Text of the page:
Recently I received a reader email that said this: "My friend gave me one of your books and I devoured it in two days . . . The scenes play out like a movie in my head, and I felt the characters were all real people!”
The scenes play out like a movie.
The comment was interesting and pushed me to analyze some of the techniques that I utilize to bring the book to the big screen of the reader’s mind. Because ultimately, we want to bring our story to life in such a way that the reader feels they are there experiencing the story right along with our characters.
So how do we make our books play out in the reader’s mind like a movie? Here are just a few things I do:
1. Choose scenes strategically.
In the most recent book I wrote (which I recently turned in to my publisher), I had approximately 40-45 scenes. How did I choose what scenes to include and which ones to leave out?
Part of the decision-making will have to do with genre expectations. Romance readers want to see the developing love-relationship between the hero and heroine. So we usually need to play out the key relationship-changing moments (dates, conflicts, important meetings, etc.). Readers will be disappointed if those kinds of scenes happen off-screen. Other genres will have reader expectations as well (that’s why it’s important to study our genres!).
I also try only to display scenes that move quickly and have the most tension, conflict, and action—scenes that could truly play out on a movie screen. I eliminate having a bunch of slower-paced, smaller, static scenes with little happening in them. Instead, I economize by finding ways to slip minor but necessary details into my conflict-laden scenes.
2. Eliminate unnecessary transitions.
Obviously we can’t include everything that happens to our characters spanning many months. So we’ll summarize what happens between scenes (often called a sequel). I like to think of those summaries as transitions—a way to get from one important scene to the next critical happening.
Yes, transitions are sometimes necessary—especially when we want to skim over a large passing of time. However, movies have very few transitional scenes. Instead they jump-cut from one important point to the next, allowing the viewers’ imagination and intelligence to piece together what’s happened in the interim.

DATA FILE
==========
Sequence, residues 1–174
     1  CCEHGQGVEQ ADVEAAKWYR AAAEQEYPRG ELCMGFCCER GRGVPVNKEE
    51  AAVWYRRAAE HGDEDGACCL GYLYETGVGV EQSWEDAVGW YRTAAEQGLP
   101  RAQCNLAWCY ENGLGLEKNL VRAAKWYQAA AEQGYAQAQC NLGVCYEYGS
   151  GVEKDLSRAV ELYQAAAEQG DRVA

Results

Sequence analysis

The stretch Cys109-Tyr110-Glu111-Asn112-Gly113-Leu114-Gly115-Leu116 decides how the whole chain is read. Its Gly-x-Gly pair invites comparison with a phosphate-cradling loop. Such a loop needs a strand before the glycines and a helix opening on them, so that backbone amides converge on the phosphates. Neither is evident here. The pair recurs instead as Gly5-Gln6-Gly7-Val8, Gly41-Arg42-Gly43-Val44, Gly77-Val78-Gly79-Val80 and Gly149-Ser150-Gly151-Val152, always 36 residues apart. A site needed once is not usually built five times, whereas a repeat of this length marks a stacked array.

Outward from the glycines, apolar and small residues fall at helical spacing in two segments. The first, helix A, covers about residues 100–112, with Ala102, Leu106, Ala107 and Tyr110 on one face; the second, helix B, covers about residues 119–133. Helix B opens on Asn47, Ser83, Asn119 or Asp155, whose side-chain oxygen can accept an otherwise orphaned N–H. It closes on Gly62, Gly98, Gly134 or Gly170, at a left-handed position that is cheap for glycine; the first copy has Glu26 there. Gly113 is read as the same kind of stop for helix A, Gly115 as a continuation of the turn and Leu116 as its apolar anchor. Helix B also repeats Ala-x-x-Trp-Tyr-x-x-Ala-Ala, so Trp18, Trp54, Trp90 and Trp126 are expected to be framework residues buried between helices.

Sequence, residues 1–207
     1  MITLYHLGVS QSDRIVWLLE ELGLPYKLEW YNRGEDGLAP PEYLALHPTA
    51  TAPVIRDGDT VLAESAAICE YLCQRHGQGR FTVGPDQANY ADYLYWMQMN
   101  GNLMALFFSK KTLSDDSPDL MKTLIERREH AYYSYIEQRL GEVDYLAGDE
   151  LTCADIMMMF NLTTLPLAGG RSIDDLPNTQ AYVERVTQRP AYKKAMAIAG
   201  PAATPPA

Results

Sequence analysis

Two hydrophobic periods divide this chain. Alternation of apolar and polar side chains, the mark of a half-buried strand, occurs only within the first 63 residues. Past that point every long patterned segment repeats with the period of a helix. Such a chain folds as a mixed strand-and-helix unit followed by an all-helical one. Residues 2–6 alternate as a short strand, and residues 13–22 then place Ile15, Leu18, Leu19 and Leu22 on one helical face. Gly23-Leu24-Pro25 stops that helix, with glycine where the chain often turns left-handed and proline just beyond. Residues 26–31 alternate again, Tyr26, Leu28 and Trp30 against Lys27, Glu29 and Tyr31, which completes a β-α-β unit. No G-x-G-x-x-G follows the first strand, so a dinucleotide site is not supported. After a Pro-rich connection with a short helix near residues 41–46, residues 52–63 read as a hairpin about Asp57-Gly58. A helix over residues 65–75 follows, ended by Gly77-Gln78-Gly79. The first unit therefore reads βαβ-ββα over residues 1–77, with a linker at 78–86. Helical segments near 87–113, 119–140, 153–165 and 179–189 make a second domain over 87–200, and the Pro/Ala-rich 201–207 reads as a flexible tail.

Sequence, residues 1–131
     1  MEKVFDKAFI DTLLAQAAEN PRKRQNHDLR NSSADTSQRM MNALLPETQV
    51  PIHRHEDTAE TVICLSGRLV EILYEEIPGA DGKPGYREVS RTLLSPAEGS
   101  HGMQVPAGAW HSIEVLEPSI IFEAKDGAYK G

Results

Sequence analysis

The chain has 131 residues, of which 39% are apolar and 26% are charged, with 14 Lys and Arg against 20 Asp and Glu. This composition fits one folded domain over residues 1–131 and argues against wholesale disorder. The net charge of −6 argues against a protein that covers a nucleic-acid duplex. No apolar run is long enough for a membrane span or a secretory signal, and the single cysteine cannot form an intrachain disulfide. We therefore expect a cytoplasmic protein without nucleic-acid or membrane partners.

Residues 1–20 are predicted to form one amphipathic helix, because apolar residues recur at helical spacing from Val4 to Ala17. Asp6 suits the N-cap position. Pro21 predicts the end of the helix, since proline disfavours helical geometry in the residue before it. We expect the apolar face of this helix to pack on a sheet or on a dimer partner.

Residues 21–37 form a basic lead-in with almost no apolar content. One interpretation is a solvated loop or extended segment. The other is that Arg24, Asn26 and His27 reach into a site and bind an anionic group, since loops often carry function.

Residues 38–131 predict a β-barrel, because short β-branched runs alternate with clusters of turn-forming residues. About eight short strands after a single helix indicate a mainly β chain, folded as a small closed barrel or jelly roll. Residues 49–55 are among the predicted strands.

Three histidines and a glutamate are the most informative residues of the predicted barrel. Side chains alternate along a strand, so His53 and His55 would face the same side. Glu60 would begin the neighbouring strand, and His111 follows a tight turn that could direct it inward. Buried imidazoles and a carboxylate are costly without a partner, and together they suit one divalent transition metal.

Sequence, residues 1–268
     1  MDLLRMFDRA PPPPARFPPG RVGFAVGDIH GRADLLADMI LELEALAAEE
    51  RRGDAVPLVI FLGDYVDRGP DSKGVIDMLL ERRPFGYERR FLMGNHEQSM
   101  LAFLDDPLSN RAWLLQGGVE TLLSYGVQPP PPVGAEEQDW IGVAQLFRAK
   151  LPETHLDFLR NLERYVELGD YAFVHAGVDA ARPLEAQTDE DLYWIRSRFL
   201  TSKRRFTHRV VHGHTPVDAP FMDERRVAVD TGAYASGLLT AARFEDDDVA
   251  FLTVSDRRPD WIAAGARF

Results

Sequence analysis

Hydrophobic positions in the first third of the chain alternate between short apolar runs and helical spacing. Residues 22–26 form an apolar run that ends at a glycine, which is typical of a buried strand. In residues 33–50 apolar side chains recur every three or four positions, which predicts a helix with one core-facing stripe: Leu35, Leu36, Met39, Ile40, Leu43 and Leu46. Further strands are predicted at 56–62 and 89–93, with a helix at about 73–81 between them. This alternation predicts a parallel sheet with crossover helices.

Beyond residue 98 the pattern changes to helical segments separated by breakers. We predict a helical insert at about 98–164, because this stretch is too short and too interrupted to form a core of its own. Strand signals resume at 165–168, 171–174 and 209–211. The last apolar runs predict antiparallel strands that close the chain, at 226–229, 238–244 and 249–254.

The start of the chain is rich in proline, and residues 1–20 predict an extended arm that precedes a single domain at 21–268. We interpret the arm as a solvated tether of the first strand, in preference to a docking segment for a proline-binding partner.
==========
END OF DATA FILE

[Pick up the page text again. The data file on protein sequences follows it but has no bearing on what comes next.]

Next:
We can use that technique in our books too. Our readers are just as intelligent as movie-goers and don’t need to know anything other than what’s truly important to the story itself. If we must fill them in with the between-time happenings, we can often do so by dropping the information into the current scene in quick bites or subtle ways.
3. Craft the setting carefully.
We want the setting to become so vivid that our readers visualize, smell, hear, taste, touch, and are immersed into the scene right along with the characters. On the other hand, we don't want our readers to realize we’re describing things. Too much portrayal (or describing unnecessary or unimportant details) will bog the reader down.
So how can we make a setting seem movie-screen real without overpowering our readers? Like with other story elements, we'll need to be strategic in what we choose to describe and where we place those descriptions. Often we do a good job of grounding the reader in the setting at the beginning of the scene, but then we allow our characters to act in a blank vortex for the remainder. The key is to look for ways to intentionally thread the setting details throughout the entire scene.
4. Breathe life into characters.
Bringing our characters to life is one the most challenging aspects of writing. We can pick the dramatic scenes to “film,” eliminate pesky transitions that slow down the story, and give the setting a makeover. But then we often fail to breathe life into our characters and instead populate the page with stick-figures.
One way to make our characters three-dimensional, is to get inside their heads. We need to see what they’re thinking. If all we do is “show” them acting, but never take the time to move into the characters' minds to hear their reactions, emotions, and struggles, then we risk having flat characters. We need to know their intense joys, deep pains, and heart-wrenching conflicts—and we can do this by giving the reader glimpses into the characters' internal struggles and thoughts.
In getting the reader into a character’s head, we help them see the story through the character’s eyes. The book plays out even more like a movie because now the reader has “become” the main character.
Have you read any books lately that felt as if you were watching a movie? What helps bring a book to life for you?